ORIGINAL RESEARCH article
Predicting fatigue and psychophysiological test performance from speech for safety-critical environments
- 1Speech Hearing and Phonetic Sciences, Psychology and Language Sciences, University College London, London, UK
- 2Mullard Space Science Laboratory, Centre for Space Medicine, University College London, Dorking, UK
- 3Gagarin Cosmonaut Training Centre, Star City, Russia
Automatic systems for estimating operator fatigue have application in safety-critical environments. A system which could estimate level of fatigue from speech would have application in domains where operators engage in regular verbal communication as part of their duties. Previous studies on the prediction of fatigue from speech have been limited because of their reliance on subjective ratings and because they lack comparison to other methods for assessing fatigue. In this paper, we present an analysis of voice recordings and psychophysiological test scores collected from seven aerospace personnel during a training task in which they remained awake for 60 h. We show that voice features and test scores are affected by both the total time spent awake and the time position within each subject’s circadian cycle. However, we show that time spent awake and time-of-day information are poor predictors of the test results, while voice features can give good predictions of the psychophysiological test scores and sleep latency. Mean absolute errors of prediction are possible within about 17.5% for sleep latency and 5–12% for test scores. We discuss the implications for the use of voice as a means to monitor the effects of fatigue on cognitive performance in practical applications.
There are a variety of safety-critical environments for which operator fatigue is a significant risk factor, including transport, mining, and aeronautics. In response to this risk, a variety of methods have been developed to estimate the fatigue level of an operator. Some of these are accurate but based on obtaining physiological measurements, which require expensive or intrusive equipment. Since in some safety-critical environments, operators are engaged in regular verbal communication, a fatigue estimation method based on the analysis of speech might provide a cheaper and less intrusive alternative.
To develop a reliable means of predicting fatigue from speech requires an objective measure of level of fatigue for use in the training of models. However, previous studies that have explored the prediction of fatigue from speech have relied on subjective ratings of sleepiness as the outcome parameter, and these ratings do not always correlate well with objective measures obtained from behavioral tasks.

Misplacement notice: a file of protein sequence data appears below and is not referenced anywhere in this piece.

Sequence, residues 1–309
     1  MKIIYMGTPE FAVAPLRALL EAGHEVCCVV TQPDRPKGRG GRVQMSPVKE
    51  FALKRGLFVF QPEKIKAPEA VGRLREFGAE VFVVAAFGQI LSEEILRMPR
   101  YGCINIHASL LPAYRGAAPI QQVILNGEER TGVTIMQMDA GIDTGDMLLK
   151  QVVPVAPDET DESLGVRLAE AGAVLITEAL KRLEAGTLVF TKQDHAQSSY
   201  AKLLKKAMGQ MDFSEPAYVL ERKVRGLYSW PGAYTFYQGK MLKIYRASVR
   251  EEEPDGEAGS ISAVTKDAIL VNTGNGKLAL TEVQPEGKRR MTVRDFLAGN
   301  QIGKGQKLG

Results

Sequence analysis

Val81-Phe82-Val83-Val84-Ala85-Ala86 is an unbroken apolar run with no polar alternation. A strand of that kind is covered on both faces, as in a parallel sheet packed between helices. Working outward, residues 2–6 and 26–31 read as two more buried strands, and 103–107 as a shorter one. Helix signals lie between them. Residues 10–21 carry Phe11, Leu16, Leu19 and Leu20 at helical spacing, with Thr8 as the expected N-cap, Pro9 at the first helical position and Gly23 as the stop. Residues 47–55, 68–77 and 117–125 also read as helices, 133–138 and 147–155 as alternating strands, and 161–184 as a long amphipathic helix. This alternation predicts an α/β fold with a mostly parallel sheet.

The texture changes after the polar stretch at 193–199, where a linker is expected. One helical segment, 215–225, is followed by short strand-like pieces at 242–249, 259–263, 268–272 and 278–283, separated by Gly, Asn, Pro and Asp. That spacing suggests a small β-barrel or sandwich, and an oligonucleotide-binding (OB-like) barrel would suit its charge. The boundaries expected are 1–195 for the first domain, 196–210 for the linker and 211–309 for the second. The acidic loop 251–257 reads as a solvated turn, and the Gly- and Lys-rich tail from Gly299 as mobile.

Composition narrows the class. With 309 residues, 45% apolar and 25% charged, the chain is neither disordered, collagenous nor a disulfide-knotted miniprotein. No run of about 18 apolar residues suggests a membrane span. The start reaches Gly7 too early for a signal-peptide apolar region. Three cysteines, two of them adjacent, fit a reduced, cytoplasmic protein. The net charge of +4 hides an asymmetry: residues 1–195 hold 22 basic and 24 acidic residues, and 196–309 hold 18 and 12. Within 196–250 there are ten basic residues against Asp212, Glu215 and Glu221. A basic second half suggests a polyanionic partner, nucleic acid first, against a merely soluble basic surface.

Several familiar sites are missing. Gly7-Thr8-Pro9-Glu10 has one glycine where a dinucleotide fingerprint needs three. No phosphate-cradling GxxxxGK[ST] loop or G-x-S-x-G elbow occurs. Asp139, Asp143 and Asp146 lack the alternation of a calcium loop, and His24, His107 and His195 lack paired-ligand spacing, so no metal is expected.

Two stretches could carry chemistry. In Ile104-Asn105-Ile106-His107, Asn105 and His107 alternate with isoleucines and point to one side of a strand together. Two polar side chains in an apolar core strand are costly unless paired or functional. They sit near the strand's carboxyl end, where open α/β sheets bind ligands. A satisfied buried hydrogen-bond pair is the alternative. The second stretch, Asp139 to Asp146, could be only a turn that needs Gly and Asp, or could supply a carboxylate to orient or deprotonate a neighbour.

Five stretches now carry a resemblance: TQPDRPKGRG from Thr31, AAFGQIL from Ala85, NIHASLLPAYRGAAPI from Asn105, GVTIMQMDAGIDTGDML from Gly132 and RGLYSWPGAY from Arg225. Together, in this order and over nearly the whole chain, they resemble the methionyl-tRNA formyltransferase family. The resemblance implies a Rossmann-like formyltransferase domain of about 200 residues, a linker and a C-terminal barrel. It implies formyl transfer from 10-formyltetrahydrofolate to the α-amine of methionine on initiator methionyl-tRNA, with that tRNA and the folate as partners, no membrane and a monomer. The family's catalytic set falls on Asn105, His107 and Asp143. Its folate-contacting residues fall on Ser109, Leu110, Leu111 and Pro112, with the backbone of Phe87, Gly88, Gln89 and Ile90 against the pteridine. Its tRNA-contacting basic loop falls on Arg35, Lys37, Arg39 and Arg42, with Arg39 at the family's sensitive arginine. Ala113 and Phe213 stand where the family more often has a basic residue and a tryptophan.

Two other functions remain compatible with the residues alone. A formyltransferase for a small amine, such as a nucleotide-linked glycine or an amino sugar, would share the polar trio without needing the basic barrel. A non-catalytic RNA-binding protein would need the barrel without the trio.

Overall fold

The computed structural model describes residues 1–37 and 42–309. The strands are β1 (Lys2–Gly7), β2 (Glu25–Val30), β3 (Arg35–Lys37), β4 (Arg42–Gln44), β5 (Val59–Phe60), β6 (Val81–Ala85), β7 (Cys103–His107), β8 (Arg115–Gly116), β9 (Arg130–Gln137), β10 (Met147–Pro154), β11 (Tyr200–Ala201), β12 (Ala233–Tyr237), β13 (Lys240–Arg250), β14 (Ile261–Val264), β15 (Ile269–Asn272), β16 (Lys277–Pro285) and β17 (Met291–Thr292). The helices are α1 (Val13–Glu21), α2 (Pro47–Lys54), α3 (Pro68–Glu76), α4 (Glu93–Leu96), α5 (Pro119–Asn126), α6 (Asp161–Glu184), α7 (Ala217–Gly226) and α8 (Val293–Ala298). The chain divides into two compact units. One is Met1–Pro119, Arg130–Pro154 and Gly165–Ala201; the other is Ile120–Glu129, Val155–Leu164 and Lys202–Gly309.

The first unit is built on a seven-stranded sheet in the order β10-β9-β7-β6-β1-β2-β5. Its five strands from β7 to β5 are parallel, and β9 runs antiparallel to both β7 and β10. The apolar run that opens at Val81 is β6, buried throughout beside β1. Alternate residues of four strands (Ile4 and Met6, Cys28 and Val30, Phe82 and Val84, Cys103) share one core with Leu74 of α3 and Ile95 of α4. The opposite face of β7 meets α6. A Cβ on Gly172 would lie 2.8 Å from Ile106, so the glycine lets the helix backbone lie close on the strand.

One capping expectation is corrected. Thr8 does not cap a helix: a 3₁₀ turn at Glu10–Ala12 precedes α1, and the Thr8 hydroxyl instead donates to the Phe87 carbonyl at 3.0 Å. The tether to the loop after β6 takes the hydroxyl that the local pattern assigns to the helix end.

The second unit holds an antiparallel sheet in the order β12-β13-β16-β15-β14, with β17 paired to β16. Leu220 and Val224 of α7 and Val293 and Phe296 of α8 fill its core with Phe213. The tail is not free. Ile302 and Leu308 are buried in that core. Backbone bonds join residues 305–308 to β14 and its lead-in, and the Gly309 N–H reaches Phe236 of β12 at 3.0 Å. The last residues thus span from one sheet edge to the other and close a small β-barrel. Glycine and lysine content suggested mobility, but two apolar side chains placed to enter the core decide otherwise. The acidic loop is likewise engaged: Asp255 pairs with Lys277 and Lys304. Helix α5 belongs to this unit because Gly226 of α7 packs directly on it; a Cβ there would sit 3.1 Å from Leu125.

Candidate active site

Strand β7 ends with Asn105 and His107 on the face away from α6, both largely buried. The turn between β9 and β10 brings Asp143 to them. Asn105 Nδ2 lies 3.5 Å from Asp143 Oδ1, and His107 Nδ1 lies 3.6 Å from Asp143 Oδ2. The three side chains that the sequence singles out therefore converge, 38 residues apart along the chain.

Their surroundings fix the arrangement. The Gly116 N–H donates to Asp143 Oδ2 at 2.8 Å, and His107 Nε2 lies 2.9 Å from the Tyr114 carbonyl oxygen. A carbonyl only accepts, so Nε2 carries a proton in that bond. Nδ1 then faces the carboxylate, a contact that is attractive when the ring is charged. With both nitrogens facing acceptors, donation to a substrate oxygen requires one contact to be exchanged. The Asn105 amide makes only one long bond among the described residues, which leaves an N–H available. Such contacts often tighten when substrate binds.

In this paper, we describe an experiment in which a group of subjects were kept awake over a 3-day period within which regular measurements were made both of their speech and of their performance on a standard set of psychophysiological tests (PPTs). We investigate the relationship between time kept awake (“sleep latency”) and time-of-day (“phase”) with their test performance. We show that test scores are poorly predicted from sleep latency and phase in these data. We show that a model based on speech features, on the other hand, can improve prediction of the test scores, and in addition, make good predictions of sleep latency.
The paper is organized as follows. Section “Background” gives a background to the topic, outlining some existing literature on the effects, measurement, and prediction of fatigue in safety-critical environments. Section “Corpus Collection and Cleaning” describes the methodology for acquiring the corpus of speech and performance measures. Section “Voice Features” describes the voice features calculated from the speech recordings. Section “Analysis of Psychophysiological Tests” gives an analysis of how the PPT scores change over time. Section “Model Training” describes the process by which predictive models of fatigue and of test scores are built from speech features and presents an evaluation of their performance. Finally, Section “Summary and Conclusion” summarizes the key findings and discusses some issues of practical implementation.
In safety-critical environments, fatigue is a significant risk factor. One of the clearest examples of this is in transportation, where driver fatigue is widely considered to be an important contributory factor in fatal and serious accidents (Horne and Reyner, 1995; Lyznicki et al., 1998; Pierce, 1999; Philip et al., 2001; Dobbie, 2002; Armstrong et al., 2011; FMCSA, 2011). It is difficult to pinpoint the exact proportion of accidents caused by fatigue but the consensus of scientists studying safety and accident prevention is that fatigue is the largest identifiable and preventable cause of accidents in transportation, accounting for around 15–20% of all accidents (Åkerstedt, 2000). Fatigue is just as significant a risk in other safety-critical settings where vigilance is important, such as aviation (Rosekind et al., 1994) and space flight.